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story.lead_photo.caption Members of President Donald Trump's legal team, Sidney Powell, right, with Jenna Ellis, left, attend a news conference at the Republican National Committee headquarters, Thursday Nov. 19, 2020, in Washington. (AP Photo/Jacquelyn Martin)

WASHINGTON (AP) — President Donald Trump continued this week to attempt to cling to office after voters chose to oust him.

According to accusations being told on his behalf and embraced by him, the U.S. election was manipulated by scheming from a dead Venezuelan strongman, by a computer system capable of flipping Trump votes to Joe Biden ones across the country, and by something weird happening in Germany.

None of this happened. None of it is true.

But Trump and his legal team are making allegations in hopes state Republican legislators will shatter the foundational procedures and traditions of U.S. democracy and nullify the voters' will.

While this plays out, President-elect Biden continues to be denied the briefings and facilities given during presidential transitions. An increasing number of Republican lawmakers say he should be getting that cooperation but they haven't done anything to make that happen.

From the past week:

THE TWEETS

TRUMP: "I WON THE ELECTION! I won the Election! I WON THE ELECTION!" — tweets Sunday, Monday and Wednesday.

THE FACTS: No, Biden won the election.

Biden achieved victory in key states such as Michigan, Wisconsin, Pennsylvania and Arizona, topping the threshold of 270 electoral votes to clinch the presidency with room to spare.

Biden also won Georgia after a recount by hand this past week. That gives him 306 electoral votes, a total Trump called a "landslide" when states delivered him that number in 2016. (Trump ended up with 304 electoral votes because two electors defected.)

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Trump's allegations of massive voting fraud have been dismissed by a succession of judges and refuted by state election officials and an arm of his own administration's Homeland Security Department. Many of his campaign's lawsuits have been thrown out of court.

A coalition of state election officials and the Trump administration's Cybersecurity and Infrastructure Security Agency have declared the election was the most secure in history. Trump responded by firing the head of his agency, Chris Krebs.

NEWS CONFERENCE THURSDAY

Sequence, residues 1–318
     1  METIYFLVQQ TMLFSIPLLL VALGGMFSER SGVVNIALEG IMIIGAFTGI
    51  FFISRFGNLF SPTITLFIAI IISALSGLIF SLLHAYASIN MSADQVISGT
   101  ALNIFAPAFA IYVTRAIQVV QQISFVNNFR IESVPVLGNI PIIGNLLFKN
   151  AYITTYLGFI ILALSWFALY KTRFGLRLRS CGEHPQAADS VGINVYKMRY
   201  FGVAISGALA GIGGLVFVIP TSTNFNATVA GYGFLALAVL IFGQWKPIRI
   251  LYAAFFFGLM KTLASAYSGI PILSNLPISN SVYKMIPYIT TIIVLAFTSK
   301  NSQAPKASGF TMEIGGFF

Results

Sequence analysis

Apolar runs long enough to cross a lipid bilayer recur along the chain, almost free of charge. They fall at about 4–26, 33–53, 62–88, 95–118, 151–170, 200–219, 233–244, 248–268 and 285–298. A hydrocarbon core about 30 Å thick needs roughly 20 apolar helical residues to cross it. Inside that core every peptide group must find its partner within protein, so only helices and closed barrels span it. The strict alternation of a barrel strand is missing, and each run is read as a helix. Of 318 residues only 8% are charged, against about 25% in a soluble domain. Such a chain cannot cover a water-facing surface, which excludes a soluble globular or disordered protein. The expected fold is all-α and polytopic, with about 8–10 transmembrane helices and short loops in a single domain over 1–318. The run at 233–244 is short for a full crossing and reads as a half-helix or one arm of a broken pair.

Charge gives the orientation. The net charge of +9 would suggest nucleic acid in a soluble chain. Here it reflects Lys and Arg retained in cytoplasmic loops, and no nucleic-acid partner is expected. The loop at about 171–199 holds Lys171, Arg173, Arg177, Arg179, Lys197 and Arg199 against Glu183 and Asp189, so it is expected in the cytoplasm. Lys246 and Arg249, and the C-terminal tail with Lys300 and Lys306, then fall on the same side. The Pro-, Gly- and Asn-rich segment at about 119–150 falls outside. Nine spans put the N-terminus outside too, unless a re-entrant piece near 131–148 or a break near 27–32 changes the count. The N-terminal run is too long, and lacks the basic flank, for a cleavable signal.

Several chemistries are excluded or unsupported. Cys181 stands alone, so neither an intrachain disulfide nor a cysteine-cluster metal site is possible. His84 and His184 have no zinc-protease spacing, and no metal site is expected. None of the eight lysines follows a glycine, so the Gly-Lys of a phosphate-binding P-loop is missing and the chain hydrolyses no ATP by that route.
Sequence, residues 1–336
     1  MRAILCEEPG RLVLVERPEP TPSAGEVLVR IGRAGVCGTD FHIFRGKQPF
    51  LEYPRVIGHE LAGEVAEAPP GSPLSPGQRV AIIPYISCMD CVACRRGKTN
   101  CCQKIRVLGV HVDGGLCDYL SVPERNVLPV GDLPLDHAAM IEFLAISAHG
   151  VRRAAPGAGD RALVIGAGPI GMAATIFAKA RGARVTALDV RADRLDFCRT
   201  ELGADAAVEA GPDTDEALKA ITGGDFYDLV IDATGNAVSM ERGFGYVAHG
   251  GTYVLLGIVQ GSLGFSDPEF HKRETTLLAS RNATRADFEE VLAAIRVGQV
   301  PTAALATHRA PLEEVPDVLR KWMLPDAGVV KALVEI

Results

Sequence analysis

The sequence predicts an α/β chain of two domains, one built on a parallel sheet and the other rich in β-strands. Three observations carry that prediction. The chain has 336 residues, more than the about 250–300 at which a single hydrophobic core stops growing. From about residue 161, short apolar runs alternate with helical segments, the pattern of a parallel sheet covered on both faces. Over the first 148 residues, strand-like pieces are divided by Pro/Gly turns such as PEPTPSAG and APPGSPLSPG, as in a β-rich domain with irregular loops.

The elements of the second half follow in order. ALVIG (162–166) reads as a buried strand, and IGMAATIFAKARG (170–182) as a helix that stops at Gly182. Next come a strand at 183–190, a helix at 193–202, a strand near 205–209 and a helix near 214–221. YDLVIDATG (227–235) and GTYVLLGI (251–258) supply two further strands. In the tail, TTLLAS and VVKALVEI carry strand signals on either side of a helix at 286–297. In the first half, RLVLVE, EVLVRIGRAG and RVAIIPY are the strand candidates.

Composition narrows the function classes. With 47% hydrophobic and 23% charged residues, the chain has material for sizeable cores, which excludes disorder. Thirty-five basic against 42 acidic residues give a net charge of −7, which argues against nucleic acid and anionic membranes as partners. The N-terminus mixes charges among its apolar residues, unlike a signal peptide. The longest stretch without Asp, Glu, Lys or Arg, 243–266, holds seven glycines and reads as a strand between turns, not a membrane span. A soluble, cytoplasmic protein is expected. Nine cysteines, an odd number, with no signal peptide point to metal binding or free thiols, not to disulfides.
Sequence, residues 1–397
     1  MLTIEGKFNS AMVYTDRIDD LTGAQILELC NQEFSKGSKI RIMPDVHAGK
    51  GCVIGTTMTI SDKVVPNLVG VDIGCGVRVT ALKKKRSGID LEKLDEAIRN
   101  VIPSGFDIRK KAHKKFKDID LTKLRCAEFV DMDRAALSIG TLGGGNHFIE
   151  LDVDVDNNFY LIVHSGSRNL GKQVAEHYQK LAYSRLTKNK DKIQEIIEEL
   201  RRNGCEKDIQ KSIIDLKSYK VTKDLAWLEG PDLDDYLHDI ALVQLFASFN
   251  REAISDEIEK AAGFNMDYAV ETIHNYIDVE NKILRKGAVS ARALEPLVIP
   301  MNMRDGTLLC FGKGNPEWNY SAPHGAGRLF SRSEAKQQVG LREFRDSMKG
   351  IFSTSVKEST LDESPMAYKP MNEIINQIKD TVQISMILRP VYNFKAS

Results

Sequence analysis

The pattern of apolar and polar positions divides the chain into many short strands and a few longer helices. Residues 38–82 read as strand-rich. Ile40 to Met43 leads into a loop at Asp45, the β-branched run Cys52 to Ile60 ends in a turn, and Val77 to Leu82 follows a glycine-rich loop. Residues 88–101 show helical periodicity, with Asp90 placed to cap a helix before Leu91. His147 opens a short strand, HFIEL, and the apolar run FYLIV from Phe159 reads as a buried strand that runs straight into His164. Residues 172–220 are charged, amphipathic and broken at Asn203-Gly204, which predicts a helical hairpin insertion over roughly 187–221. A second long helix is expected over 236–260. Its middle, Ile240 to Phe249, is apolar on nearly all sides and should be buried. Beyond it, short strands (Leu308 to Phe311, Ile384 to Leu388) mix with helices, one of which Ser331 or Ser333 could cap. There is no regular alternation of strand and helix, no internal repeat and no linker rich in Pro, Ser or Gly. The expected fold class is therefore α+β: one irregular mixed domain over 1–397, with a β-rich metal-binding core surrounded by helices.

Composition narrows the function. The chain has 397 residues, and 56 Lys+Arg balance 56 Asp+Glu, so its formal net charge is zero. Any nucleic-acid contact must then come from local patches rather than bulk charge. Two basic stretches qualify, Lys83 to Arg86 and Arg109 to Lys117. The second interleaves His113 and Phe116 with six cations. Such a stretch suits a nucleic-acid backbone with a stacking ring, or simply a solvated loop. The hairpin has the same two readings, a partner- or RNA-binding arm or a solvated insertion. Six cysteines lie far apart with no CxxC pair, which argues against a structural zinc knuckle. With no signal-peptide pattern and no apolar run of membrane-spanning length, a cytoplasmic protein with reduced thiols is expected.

SIDNEY POWELL, Trump attorney, on Dominion Voting Systems electoral software used in many states: "One of (the software's) most characteristic features is its ability to flip votes. It can set and run an algorithm that probably ran all over the country to take a certain percentage of votes from President Trump and flip them to President Biden."

THE FACTS: That didn't happen. There's "no evidence that any voting system deleted or lost votes, changed votes or was in any way compromised," the federal agency that oversees election security said in the statement joined by state and electoral-industry officials.

Against that, Powell offered the allegation it "probably" did.

POWELL: "The Dominion Voting Systems, the Smartmatic technology software, and the software that goes in other computerized voting systems here as well, not just Dominion, were created in Venezuela at the direction of Hugo Chavez to make sure he never lost an election after one constitutional referendum came out the way he did not want it to come out."

POWELL: "Smartmatic has been associated with the Venezuelan government led by Hugo Chavez, which is openly hostile to the United States."

THE FACTS: To be clear, Chavez is not leading the Venezuelan government because he is dead. He died in 2013.

As well, Dominion does not have any ties to Venezuela, said Eddie Perez, a voting technology expert at the OSET Institute, a nonpartisan election technology research and development nonprofit. Dominion was founded in Canada. The company said it is a competitor with Smartmatic, not a partner.

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Smartmatic is incorporated in Florida by Venezuelan founders. The company states on its website it's not associated with governments or political parties of any country.

POWELL: "What we are really dealing with here and uncovering more by the day is the massive influence of communist money through Venezuela, Cuba and likely China and the interference with our elections here in the United States."

THE FACTS: No such communist chicanery has been uncovered. The election security branch of Trump's Homeland Security Department said the election was secure against foreign interference and all forms of mass manipulation.

POWELL, on reports a U.S. voting server is in Germany: "That is true, it's somehow related to this but I do not know whether good guys got it or bad guys got it."

THE FACTS: No, it's not true. Powell is referring to a fictitious story that a server hosting evidence of voting irregularities in the Nov. 3 U.S. election was in Germany.

Republican Rep. Louie Gohmert, of Texas, this month circulated the rumor "U.S. Army forces" seized a server from a Frankfurt office, though he acknowledged it was something he saw on Twitter and "I don't know the truth." The Army said the claim was false.

Still, Powell presented the story as fact.

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